In a case which had much in common with Nikitin’s, another Russian naval officer won a similar–if less convincing–legal victory in a trial which concluded in Vladivostok on July 20. Captain Grigory Pasko is a military journalist who was arrested by the FSB in November of 1997 on charges of having divulged classified information related to his own investigations into the Russian Pacific Fleet’s handling of nuclear wastes. Like Nikitin, he endured a long and dangerous incarceration in prison and, also like Nikitin, he was ultimately found innocent of the treason charges which the FSB lodged against him. Unlike Nikitin, however, Pasko was convicted of several trumped-up–albeit less onerous–charges (see the Monitor, July 21). Although he was amnestied and faces no additional time in prison, the July 20 decision suggested that Russia’s judiciary remains susceptible to influence by the security agencies. Pasko has appealed his conviction on the lesser charges in the hope of winning a full exoneration. That is a risky move, however, because it opens the possibility that the original case against him could be reopened.
Some observers have suggested that these recent court decisions, and particularly the one rendered by Judge Golets on December 29, could weaken the FSB’s increasingly heavy-handed attempts to discourage whistleblowers from disclosing unpleasant secrets about the former Soviet military’s nuclear legacy. The FSB’s efforts appear aimed also at ending collaboration in this same field of investigation between Russian researchers and their Western counterparts. In fact, however, though the December 29 decision sets an important legal precedent, the FSB’s obvious success in waging long wars of harassment against both Nikitin and Pasko seems likely to chill the efforts of those who might want to follow in the footsteps of those two men.
Indeed, even as Pasko’s legal victory loomed, the FSB launched moves against several other nuclear researchers. On July 3 FSB agents seized documents and letters belonging to Vladimir Soifer, a well-known senior Russian scientist with extensive ties to the West. Soifer has spent some forty years studying the radioactive contamination of Russia’s oceans and, more recently, had been analyzing the effects of the Pacific’s Fleet’s dumping of liquid nuclear wastes into the Sea of Japan. Although Soifer has apparently still not been charged, the search warrant obtained by the FSB in connection with the case alleged that he had violated laws on handling classified materials and that he posed a threat to the country (see the Monitor, July 14, 16).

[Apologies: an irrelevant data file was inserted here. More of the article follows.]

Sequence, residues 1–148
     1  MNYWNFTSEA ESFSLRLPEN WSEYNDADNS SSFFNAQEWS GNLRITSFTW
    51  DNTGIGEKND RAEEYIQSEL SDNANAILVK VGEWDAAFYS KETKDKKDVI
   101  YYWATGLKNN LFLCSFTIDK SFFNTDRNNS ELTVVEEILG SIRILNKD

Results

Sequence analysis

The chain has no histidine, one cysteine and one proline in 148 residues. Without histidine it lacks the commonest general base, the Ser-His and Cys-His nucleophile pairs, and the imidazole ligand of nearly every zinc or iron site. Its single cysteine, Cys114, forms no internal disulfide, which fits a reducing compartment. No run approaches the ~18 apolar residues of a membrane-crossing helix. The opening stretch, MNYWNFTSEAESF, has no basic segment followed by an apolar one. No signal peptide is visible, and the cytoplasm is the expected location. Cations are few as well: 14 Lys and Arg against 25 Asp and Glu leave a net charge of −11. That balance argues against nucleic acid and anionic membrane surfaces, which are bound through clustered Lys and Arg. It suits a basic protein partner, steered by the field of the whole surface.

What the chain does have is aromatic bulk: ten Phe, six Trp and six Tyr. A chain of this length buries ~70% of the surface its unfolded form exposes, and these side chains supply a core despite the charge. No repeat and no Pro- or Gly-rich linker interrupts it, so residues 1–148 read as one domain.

Other FSB “investigations” have followed. In September a Canadian antinuclear activist named Vladimir Slivyak was detained and questioned. He said that Russian authorities had used their investigations into “terrorism” (in connection with events in the Caucasus) as a pretext for his arrest, and that they had threatened to plant drugs on him (Globe and Mail [Toronto], October 27; see the Monitor, October 29). Then, in late October, a department director at the prestigious USA and Canada Institute was arrested and, on November 5, charged with treason. He was reportedly being held on suspicion of having spied for the United States and, more specifically, of having passed classified information to Joshua Handler, an American nuclear security expert. Handler’s apartment in Moscow was searched by federal agents on October 27–the day of Sutyagin’s arrest–and a computer and documents were seized (see the Monitor, November 22).
From a human rights perspective, efforts by Russian security agencies to chill nuclear-related environmental research is worrying. But it is perhaps no coincidence that the intensification of FSB efforts in this area have come amid a resurgence of influence for both the Russian military and the security establishment, and as a one-time FSB director–Prime Minister and acting President Vladimir Putin–rose to the pinnacle of political power in Russia. Indeed, reports yesterday said that Putin had signed off on a revised Russian national security blueprint. Details of the changes endorsed by Putin remain unknown, but it would be no surprise if they include an enhancement of the powers of the Russian intelligence establishment. Upon being named acting President, Putin had suggested that the authority of the country’s security services would be strengthened (Reuters, AP, Russian agencies, January 6).
GEORGIA KNOCK-KNOCK-KNOCKING AT NATO’S DOOR.